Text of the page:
Maybe I don’t wanna hold your hand as much as I thought I did

Just when you think you have everything set straight in your universe, something comes along to screw up your preconceptions. Maddening that is.

Recently I bought the 27 cut CD of the Beatles’ songbook. It was a good price, and I thought it would be a good thing to have. The selections cover their career as an ensemble from their lovable moptops beginnings to that ‘Long and Winding Road’ somewhat acrimonious endgame.

I thought it would be a nice thing to have. I mean, I have tons of Beatles vinyl from days of yore, but I felt a handy CD compendium would be good, for the car, for example.

I always liked the Beatles very much though, in truth I was more of a Stones man, both as shit-kicking brilliant musicians (‘Keef’ rules!) who were never afraid to bend the rules of convention. But, the Beatles were, you know, nice. At least McCartney was nice. I was a Lennon afficionado and he was often less than nice, and that’s what made him an original and my fave-rave. George (the quiet one), as is recently revealed in a new biopic, was far from being nice and was such a philandering cocksman that he makes Mick look like a choirboy. Who woulda thunk?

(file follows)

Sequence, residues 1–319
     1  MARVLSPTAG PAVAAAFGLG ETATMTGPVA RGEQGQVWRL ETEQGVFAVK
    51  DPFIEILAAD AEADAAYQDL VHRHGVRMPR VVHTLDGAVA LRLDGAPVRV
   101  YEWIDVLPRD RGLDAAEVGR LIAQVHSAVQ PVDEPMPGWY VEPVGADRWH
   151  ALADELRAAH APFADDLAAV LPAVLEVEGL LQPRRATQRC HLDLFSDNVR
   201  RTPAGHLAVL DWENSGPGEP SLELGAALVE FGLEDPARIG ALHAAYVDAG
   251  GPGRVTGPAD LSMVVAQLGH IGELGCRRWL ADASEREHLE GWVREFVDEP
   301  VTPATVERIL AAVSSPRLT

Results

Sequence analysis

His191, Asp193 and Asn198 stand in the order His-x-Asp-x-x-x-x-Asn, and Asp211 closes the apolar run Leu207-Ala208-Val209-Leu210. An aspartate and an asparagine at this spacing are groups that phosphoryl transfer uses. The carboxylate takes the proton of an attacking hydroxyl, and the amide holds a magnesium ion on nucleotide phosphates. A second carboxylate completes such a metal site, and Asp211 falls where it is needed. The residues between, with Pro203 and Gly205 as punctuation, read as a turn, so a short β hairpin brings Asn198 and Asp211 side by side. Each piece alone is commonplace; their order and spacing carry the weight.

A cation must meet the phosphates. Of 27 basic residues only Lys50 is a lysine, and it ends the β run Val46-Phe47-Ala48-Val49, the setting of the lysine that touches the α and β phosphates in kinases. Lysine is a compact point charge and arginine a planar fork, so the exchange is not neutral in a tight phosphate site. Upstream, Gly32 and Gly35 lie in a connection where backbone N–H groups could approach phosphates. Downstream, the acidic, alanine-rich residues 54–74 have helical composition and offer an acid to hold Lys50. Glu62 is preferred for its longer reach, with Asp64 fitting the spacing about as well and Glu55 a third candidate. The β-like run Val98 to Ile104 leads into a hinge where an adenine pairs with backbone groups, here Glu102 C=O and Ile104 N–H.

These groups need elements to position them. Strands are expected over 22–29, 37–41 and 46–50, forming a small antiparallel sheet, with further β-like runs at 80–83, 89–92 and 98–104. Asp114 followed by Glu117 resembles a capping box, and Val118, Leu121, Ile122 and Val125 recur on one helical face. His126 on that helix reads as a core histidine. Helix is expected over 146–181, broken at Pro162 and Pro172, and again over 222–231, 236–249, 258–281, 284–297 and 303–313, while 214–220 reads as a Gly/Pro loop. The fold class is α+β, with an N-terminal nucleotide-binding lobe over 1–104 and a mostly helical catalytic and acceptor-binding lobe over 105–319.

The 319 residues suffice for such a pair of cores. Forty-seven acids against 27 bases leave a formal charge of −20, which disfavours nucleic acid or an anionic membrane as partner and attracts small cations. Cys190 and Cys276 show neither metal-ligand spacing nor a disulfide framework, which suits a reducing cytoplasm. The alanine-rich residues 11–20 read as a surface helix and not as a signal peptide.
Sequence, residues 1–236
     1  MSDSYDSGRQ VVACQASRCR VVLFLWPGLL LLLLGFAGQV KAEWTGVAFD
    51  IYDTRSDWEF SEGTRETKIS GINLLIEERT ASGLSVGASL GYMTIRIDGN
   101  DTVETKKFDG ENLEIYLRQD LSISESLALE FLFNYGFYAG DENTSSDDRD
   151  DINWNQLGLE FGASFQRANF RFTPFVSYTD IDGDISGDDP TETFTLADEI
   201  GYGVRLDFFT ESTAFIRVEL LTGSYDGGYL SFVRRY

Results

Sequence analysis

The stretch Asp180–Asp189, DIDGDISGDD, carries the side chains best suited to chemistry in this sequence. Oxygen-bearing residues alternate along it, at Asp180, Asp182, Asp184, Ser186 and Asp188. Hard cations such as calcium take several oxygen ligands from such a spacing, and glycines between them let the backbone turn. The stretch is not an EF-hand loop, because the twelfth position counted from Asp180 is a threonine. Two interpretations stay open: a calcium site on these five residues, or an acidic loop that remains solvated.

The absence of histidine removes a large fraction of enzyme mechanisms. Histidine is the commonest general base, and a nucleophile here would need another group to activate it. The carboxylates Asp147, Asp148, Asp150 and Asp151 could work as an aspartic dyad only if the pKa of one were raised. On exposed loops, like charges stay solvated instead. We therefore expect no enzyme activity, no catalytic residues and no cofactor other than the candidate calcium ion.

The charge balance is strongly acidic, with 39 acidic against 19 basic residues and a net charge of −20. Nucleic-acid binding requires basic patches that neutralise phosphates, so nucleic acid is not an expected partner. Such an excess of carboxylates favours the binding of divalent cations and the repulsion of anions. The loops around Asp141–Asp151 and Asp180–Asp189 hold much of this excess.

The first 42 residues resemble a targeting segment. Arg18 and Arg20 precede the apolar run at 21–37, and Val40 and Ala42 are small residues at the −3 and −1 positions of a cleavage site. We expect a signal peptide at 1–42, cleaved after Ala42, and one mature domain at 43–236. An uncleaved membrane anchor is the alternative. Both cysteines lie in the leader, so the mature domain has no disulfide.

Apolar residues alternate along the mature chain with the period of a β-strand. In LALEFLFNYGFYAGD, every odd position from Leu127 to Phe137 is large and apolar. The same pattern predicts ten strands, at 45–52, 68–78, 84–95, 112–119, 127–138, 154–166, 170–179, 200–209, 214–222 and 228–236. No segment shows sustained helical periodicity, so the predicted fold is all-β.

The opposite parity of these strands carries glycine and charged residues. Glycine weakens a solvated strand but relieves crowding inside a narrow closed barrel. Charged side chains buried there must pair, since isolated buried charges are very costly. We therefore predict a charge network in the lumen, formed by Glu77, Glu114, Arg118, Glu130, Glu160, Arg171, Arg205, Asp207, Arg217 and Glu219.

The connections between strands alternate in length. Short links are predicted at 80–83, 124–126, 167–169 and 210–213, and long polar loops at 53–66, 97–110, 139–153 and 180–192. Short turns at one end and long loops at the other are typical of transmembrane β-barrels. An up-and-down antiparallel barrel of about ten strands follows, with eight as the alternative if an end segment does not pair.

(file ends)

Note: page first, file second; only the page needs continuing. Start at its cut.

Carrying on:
Anyway, that previous passage takes me far from the point I wished to make. As I said, I bought the Beatles songbook and have enjoyed playing it. Most of the cuts are well-considered, though there are others I would have deemed more pivotal. But, it’s a good enough listen.

Yet, not as good as I thought it would be. Indeed, I daresay that eventually I found it kind of bland. You know, one of those moments in time that are perhaps better left lost in the past. Or maybe it was just the mood I was in.

On the other hand, and compounding my confusion about my past musical tastes, a few weeks ago I watched a PBS special on Simon and Garfunkel. It was one of those tiresome but necessary PBS fundraisers that are interrupted every 20 minutes for a bit of shilling, but the footage was still immensely watchable and listenable. Indeed, far moreso than I would have suspected.